11. I currently live in the American south, Georgia to be specific, and our Covid situation is a cluster fuck. Going to my indoor, not very well ventilated gym where no one is wearing a mask is not an option for safety reasons. I have put together a small group of people who are interested in training in my well ventilated garage wearing masks. So yay, I don’t have to train by myself all the time. But also, we need some guidance or some sort of structure for drills, conditioning, skill coaching, and whatnot. Are there any online programs that give guidance on curriculum for partner drills instead of only solo workouts? Ones that are more traditional style Muay Thai? Ideas? Suggestions? Most of us have been training in the 2-3 year range so not complete noobs but not super advanced either. I’m also hoping to be able to pay a coach for guidance and hopefully come in to coach in person once a week. That’s proving to be a challenge though despite offering a fair rate so not sure if that will work out. Thank you for any sort of guidance. ** I’m aware of Sean Fagan’s YouTube stuff but I don’t have an interest in following him for reasons unrelated to training.
  12. There are sticky mesh thingies that can go under rugs to keep them from slipping. I’m thinking those might work. Out of the things I’ve tried for my at home space, I like the puzzle mats the best. I tried yoga mats but there really wasn’t enough cushion for my (admitted “mature”) joints. I have two pieces of “gym mat” flooring that is easier to fold up and put away but the pieces come apart because they don’t puzzle. The non slip thing I’m talking about is something like this: Veken Non-Slip Rug Pad Gripper 8 x 10 Ft Extra Thick Pad for Any Hard Surface Floors, Keep Your Rugs Safe and in Place https://www.amazon.com/dp/B07GV9XW42/ref=cm_sw_r_cp_api_i_et0eFb02S4SHW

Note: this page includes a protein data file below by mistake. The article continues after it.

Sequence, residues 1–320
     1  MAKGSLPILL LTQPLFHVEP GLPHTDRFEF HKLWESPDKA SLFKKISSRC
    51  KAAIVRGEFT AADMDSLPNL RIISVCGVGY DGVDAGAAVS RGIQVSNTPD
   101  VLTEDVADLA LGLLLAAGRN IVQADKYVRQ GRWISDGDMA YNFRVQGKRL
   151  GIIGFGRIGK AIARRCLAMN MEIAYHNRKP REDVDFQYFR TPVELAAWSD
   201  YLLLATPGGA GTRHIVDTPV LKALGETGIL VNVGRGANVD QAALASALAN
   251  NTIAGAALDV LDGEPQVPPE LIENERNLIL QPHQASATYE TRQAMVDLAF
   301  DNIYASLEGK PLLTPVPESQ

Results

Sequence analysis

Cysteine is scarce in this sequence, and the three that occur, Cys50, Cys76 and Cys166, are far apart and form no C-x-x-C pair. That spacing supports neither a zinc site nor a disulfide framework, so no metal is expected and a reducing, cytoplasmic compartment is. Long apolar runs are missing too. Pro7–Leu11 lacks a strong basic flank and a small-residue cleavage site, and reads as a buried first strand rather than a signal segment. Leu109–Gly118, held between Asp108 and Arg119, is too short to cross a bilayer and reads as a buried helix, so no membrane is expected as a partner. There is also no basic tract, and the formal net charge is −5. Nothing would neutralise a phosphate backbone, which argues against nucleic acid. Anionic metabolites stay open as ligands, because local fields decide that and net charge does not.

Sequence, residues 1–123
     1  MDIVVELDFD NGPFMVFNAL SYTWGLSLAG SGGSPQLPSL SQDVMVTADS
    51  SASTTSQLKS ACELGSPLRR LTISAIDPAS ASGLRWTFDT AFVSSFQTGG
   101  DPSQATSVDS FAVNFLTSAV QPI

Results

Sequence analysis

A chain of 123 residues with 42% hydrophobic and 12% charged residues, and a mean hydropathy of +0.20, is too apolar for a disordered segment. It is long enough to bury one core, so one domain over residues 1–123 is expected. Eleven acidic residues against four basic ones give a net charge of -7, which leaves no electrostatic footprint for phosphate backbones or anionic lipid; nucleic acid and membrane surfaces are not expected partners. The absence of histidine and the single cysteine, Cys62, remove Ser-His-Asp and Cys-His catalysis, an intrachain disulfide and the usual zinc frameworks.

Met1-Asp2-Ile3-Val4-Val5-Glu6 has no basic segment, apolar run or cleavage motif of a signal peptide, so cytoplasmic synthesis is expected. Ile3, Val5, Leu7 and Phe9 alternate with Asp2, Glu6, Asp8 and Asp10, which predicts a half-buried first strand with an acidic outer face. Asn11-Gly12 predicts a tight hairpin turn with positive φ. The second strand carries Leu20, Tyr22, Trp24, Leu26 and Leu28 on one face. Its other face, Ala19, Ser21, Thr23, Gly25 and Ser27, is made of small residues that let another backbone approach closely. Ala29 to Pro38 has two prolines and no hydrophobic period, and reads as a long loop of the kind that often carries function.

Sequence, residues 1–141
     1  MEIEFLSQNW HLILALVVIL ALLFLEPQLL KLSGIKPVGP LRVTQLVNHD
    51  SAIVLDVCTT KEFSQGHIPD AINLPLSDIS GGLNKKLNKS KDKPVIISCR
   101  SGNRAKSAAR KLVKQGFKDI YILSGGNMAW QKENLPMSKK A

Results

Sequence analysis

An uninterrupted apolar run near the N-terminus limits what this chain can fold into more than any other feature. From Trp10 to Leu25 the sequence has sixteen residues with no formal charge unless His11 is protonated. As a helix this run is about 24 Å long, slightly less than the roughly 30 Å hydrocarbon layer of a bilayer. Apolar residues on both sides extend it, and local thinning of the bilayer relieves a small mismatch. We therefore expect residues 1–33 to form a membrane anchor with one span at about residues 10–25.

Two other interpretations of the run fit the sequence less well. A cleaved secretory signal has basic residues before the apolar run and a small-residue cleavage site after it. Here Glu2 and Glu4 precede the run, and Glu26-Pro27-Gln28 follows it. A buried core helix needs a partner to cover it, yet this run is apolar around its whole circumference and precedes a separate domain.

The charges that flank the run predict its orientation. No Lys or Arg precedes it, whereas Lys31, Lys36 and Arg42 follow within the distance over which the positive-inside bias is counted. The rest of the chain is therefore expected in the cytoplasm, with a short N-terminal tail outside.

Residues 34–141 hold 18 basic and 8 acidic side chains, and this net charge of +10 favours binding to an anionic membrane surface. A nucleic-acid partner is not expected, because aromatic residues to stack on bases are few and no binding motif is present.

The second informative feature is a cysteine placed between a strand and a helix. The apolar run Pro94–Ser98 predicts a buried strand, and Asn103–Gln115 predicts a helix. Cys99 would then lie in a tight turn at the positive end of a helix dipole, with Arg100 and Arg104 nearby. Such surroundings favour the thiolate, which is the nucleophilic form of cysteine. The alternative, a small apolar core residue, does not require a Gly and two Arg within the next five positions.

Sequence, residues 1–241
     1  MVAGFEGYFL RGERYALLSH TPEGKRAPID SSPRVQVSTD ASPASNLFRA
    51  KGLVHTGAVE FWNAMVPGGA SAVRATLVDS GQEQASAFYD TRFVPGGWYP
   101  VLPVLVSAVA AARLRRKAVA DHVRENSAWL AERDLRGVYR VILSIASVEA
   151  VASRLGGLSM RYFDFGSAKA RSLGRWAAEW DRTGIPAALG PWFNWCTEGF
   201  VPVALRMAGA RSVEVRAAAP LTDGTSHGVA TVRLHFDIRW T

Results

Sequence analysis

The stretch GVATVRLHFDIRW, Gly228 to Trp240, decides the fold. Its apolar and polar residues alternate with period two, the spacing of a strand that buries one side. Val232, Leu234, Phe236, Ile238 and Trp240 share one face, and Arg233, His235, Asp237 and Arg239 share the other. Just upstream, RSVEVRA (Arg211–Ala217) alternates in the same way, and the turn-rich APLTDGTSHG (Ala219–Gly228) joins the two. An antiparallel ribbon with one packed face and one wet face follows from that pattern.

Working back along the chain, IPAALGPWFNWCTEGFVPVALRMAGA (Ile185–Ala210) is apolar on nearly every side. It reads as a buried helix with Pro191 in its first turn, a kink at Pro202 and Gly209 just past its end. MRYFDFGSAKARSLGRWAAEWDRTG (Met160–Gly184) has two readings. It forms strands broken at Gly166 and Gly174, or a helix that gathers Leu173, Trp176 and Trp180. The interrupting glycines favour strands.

13. Thank you! This is quite helpful for finding a place to start. Tattoos are permanent and I’m old enough to know that you do NOT want something permanently on your body if you aren’t 100% sure about it and of course I don’t want to be a disrespectful appropriating asshole. I appreciate you spending the time to clarify these things and providing some great insight.
  14. Thank you! More good info. I thought about the word in Thai thing but soooo much could go wrong there. Kinda like the Chinese symbols that people got in the 90s and 2000s that are supposed to say freedom but actually translate to chicken diarrhea or some such ridiculousness. I sure don’t want to be that asshole.